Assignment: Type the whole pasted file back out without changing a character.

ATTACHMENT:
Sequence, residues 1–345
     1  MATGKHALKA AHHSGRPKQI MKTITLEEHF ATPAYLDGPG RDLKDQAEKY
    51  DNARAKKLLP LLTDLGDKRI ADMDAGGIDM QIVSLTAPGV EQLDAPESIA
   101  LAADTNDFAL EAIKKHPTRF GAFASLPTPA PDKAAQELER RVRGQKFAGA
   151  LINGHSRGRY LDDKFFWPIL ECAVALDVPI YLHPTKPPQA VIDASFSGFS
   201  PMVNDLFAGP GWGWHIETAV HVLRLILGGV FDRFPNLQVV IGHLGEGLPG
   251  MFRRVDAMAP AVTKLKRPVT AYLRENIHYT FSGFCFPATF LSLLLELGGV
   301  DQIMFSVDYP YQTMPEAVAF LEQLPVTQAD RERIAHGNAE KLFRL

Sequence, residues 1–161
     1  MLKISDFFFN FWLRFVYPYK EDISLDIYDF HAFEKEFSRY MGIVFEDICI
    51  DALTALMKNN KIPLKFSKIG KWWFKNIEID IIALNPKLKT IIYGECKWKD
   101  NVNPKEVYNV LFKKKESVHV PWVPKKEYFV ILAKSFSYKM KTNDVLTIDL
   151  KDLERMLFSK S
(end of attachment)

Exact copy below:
Sequence, residues 1–345
     1  MATGKHALKA AHHSGRPKQI MKTITLEEHF ATPAYLDGPG RDLKDQAEKY
    51  DNARAKKLLP LLTDLGDKRI ADMDAGGIDM QIVSLTAPGV EQLDAPESIA
   101  LAADTNDFAL EAIKKHPTRF GAFASLPTPA PDKAAQELER RVRGQKFAGA
   151  LINGHSRGRY LDDKFFWPIL ECAVALDVPI YLHPTKPPQA VIDASFSGFS
   201  PMVNDLFAGP GWGWHIETAV HVLRLILGGV FDRFPNLQVV IGHLGEGLPG
   251  MFRRVDAMAP AVTKLKRPVT AYLRENIHYT FSGFCFPATF LSLLLELGGV
   301  DQIMFSVDYP YQTMPEAVAF LEQLPVTQAD RERIAHGNAE KLFRL

Sequence, residues 1–161
     1  MLKISDFFFN FWLRFVYPYK EDISLDIYDF HAFEKEFSRY MGIVFEDICI
    51  DALTALMKNN KIPLKFSKIG KWWFKNIEID IIALNPKLKT IIYGECKWKD
   101  NVNPKEVYNV LFKKKESVHV PWVPKKEYFV ILAKSFSYKM KTNDVLTIDL
   151  KDLERMLFSK S